Derin Clark

Derin Clark

Online Reporter
Published: 05/11/2019

There has been an increase in SMEs looking to borrow money to finance growth in the first half of 2019, according to a report by the BVA BDRC SME Finance Monitor.

In the report it is revealed that nearly half (46%) of SMEs were using external finance in the first half of 2019, up from 36% in 2018, with an increase in small businesses using overdrafts, increasing from 19% in 2018 to 23% in the first half of 2019, and credit cards, increasing from 14% to 19%. This has led to the proportion of businesses using finance (46%) now exceeding the proportion that are not (41%), which is the first time this has happened since 2014.

Shiona Davies, director at BVA BDRC, said: “Use of finance has increased, yet appetite for finance and new application remains limited. Most applications are made to the main bank for loans or overdrafts, and most of those who apply are successful, but there are signs of more SMEs considering self-funding alongside, or instead of, an application for finance. Future appetite for finance remains stable, although an increasing minority of SMEs are looking to reduce their use of external finance.”

Business loans

This week, the Bank of England released a report that found businesses taking out new loans are being hit with the highest interest rates in a decade, with the average interest rate on new loans rising from 2.56% at the end of August to 3.05% at the end of October.

In addition to this, according to accountants and business advisers, Moore, the value of loans offered to small businesses last year (to 30 June 2019) through the Enterprise Finance Guarantee (EFG) programme has fallen to a record low of just £226m.

Business loans

This week, the Bank of England released a report that found businesses taking out new loans are being hit with the highest interest rates in a decade, with the average interest rate on new loans rising from 2.56% at the end of August to 3.05% at the end of October.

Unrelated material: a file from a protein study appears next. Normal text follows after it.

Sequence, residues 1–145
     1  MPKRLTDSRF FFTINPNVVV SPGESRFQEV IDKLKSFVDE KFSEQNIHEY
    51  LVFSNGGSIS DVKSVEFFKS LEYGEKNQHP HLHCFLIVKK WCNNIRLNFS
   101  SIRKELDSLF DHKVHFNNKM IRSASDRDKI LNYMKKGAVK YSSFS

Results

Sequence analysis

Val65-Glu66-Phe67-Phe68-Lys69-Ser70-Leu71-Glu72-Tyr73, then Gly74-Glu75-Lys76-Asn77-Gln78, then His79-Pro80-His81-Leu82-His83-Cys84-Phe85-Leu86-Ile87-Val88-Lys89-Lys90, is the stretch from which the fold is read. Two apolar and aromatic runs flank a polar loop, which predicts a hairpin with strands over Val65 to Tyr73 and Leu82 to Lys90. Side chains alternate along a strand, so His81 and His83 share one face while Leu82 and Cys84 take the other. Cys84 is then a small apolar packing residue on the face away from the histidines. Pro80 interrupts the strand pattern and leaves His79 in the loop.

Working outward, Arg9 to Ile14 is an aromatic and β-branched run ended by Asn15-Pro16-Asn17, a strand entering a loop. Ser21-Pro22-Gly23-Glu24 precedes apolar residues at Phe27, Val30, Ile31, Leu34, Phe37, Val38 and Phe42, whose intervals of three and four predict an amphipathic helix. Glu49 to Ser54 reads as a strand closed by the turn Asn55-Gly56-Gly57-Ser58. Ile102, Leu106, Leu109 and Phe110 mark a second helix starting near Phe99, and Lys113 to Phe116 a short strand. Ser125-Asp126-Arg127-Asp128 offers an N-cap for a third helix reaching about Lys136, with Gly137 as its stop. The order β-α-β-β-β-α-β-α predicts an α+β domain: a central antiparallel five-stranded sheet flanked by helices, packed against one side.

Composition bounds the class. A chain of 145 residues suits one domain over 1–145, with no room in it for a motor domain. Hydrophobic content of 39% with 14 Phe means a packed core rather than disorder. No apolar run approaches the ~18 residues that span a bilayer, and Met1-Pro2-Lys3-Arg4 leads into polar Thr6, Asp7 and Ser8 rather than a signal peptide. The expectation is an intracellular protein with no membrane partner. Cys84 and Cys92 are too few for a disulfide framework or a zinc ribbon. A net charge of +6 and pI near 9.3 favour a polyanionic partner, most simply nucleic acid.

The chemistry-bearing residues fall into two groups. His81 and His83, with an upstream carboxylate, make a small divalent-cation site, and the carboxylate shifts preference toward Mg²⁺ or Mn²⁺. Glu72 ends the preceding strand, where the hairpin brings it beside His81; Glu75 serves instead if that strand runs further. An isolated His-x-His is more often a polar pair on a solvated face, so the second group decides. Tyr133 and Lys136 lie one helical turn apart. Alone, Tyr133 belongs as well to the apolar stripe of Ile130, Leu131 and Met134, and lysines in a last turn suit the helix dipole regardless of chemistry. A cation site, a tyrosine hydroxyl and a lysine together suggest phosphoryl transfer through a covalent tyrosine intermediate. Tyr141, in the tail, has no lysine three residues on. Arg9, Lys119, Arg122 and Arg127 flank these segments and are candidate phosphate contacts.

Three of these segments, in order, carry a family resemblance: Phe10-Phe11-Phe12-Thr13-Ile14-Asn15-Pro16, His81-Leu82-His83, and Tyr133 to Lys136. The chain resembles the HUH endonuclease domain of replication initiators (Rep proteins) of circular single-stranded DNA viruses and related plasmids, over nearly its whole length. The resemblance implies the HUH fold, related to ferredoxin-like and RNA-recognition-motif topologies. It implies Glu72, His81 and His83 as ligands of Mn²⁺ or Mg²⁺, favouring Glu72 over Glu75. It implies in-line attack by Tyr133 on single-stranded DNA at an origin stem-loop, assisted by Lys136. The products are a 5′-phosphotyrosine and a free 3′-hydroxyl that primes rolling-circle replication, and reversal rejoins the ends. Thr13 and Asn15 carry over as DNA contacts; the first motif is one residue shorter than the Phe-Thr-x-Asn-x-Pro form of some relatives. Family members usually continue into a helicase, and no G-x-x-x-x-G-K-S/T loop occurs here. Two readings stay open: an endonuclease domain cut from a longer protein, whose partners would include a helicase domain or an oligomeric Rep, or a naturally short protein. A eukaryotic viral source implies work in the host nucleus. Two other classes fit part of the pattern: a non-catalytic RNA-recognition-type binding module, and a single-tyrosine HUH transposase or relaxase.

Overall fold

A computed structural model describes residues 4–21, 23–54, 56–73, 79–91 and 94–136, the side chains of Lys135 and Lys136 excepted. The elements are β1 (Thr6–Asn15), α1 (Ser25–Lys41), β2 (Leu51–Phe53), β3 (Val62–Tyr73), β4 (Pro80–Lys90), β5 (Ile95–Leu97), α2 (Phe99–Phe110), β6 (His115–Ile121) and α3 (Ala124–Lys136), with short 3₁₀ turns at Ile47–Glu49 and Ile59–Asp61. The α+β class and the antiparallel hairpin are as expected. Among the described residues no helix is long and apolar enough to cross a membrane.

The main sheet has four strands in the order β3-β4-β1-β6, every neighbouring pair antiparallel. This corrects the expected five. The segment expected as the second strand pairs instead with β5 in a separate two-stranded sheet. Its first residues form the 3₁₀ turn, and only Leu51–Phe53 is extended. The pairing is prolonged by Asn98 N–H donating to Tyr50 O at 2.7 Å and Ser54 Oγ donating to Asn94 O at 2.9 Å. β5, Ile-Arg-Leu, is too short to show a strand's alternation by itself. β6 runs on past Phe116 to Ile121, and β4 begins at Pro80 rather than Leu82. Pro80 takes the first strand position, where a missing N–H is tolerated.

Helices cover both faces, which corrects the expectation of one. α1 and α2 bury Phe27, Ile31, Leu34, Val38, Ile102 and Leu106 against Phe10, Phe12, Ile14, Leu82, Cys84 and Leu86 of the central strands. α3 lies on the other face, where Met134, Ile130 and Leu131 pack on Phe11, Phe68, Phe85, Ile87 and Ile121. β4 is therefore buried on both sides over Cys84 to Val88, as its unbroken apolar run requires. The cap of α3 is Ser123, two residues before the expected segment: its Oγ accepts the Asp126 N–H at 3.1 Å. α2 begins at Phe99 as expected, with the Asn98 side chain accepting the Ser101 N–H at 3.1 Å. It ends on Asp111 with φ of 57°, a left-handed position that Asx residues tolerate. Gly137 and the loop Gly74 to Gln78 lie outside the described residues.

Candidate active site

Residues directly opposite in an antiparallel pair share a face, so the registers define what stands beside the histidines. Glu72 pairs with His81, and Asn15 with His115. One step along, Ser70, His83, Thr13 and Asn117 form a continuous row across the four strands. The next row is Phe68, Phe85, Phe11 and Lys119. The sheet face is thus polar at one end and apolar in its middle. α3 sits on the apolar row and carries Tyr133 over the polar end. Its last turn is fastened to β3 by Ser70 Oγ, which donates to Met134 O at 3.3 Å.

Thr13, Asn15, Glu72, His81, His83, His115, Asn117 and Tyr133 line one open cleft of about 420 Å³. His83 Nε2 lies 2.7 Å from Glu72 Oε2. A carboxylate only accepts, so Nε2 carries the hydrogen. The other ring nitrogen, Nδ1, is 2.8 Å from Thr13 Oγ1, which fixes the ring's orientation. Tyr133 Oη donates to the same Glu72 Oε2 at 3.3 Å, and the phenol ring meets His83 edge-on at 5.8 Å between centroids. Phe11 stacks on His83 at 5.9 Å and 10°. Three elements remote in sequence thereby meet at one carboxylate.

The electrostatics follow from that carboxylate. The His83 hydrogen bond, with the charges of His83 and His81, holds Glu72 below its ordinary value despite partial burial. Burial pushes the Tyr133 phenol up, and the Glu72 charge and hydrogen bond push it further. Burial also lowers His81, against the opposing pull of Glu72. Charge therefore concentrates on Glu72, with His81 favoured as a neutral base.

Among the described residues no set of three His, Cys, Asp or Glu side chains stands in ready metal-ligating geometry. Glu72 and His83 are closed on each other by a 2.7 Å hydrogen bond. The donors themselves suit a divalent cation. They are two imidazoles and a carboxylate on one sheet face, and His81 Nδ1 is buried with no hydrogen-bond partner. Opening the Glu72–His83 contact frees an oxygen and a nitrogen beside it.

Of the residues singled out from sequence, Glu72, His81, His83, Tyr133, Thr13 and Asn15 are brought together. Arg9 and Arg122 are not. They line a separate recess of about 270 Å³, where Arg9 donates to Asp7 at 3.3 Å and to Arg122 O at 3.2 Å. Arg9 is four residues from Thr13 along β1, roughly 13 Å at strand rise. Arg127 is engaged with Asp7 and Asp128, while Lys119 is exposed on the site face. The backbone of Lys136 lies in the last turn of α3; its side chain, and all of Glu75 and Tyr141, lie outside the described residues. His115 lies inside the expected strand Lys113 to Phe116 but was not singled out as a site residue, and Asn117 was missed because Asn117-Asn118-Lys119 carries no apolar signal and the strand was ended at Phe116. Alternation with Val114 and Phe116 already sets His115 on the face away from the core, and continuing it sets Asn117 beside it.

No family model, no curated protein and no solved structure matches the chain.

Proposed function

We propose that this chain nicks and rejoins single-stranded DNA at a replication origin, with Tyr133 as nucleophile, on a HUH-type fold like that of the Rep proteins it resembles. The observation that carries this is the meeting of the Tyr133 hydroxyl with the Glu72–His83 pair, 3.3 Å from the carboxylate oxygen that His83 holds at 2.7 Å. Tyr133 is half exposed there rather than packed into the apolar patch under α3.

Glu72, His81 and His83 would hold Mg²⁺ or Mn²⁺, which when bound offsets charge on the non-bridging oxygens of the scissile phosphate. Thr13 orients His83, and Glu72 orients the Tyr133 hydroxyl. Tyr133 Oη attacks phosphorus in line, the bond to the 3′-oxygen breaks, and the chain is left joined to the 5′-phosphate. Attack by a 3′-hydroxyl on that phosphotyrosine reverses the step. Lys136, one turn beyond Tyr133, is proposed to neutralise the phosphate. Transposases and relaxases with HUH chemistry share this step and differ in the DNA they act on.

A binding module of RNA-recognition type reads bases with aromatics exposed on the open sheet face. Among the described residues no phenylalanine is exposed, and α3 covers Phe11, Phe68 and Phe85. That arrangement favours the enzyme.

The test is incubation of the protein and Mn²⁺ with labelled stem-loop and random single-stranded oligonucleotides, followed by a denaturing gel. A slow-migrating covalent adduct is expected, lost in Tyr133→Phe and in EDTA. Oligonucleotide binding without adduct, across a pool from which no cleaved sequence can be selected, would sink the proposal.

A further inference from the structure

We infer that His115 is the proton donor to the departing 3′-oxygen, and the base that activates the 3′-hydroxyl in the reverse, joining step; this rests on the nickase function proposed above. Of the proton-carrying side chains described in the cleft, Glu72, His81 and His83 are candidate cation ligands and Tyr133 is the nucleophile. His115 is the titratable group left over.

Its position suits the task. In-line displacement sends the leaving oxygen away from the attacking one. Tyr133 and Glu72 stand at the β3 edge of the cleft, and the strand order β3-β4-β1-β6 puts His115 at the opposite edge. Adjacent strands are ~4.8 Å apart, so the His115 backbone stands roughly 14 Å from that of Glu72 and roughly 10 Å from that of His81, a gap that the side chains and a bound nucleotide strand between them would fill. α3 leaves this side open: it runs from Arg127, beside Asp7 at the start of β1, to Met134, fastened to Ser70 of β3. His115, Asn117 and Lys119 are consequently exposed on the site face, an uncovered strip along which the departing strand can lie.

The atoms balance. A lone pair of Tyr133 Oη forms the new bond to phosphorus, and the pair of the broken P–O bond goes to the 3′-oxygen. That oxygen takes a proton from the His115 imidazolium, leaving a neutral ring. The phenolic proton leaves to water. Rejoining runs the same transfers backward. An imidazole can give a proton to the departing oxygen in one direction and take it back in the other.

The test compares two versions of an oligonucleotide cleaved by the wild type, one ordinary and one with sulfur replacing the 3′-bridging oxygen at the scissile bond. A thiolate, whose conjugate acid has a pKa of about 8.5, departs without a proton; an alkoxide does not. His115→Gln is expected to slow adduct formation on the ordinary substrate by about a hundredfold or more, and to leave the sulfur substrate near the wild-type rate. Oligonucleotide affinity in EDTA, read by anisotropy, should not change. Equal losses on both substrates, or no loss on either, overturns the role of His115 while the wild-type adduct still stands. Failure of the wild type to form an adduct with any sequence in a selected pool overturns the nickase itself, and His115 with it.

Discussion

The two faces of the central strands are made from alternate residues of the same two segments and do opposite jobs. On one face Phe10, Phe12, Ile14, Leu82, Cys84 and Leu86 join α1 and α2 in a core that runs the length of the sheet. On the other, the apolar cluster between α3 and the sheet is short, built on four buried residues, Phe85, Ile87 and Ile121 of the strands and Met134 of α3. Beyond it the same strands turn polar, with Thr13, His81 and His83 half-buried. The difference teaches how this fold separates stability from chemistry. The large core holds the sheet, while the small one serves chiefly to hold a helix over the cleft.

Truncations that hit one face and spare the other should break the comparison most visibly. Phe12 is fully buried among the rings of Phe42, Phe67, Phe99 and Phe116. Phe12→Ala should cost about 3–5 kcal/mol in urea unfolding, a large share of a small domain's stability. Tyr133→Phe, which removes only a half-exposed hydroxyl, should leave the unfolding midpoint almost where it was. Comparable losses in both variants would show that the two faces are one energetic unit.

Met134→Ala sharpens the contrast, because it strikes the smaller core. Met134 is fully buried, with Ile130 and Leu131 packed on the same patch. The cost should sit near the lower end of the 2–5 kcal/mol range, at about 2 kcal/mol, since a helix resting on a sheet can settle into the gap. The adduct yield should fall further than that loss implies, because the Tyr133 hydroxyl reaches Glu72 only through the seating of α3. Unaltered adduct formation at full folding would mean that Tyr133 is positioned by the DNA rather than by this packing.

In addition to this, according to accountants and business advisers, Moore, the value of loans offered to small businesses last year (to 30 June 2019) through the Enterprise Finance Guarantee (EFG) programme has fallen to a record low of just £226m.

SMEs could be losing out on interest rates

Small businesses with money languishing in low-interest accounts are being encouraged to consider changing accounts to those offering higher rates.

According to a report from the Centre of Economic & Business Research, commissioned by Flagstone, the estimated £199bn held by SMEs in instant access accounts and receiving an average rate of 0.41% would generate £578m in the coming year. However, by switching to the market-leading instant access rate of 1.40%, they would earn £2.8bn in interest, £2.2bn more than is currently expected.

Drop in business savings

In other business news, research by Hampshire Trust Bank has found that, due to the current economic uncertainty, business savings are down while money deposited in current accounts is up. The research found that business savings have declined over the last two years as SMEs look to pay down loans and invest in the future. On average, UK SMEs have £429,000 in their business savings account. However, in contrast to the 2017 data, the average amount held in business current accounts is up, with an average current account balance of £726,000, a staggering 78% increase.

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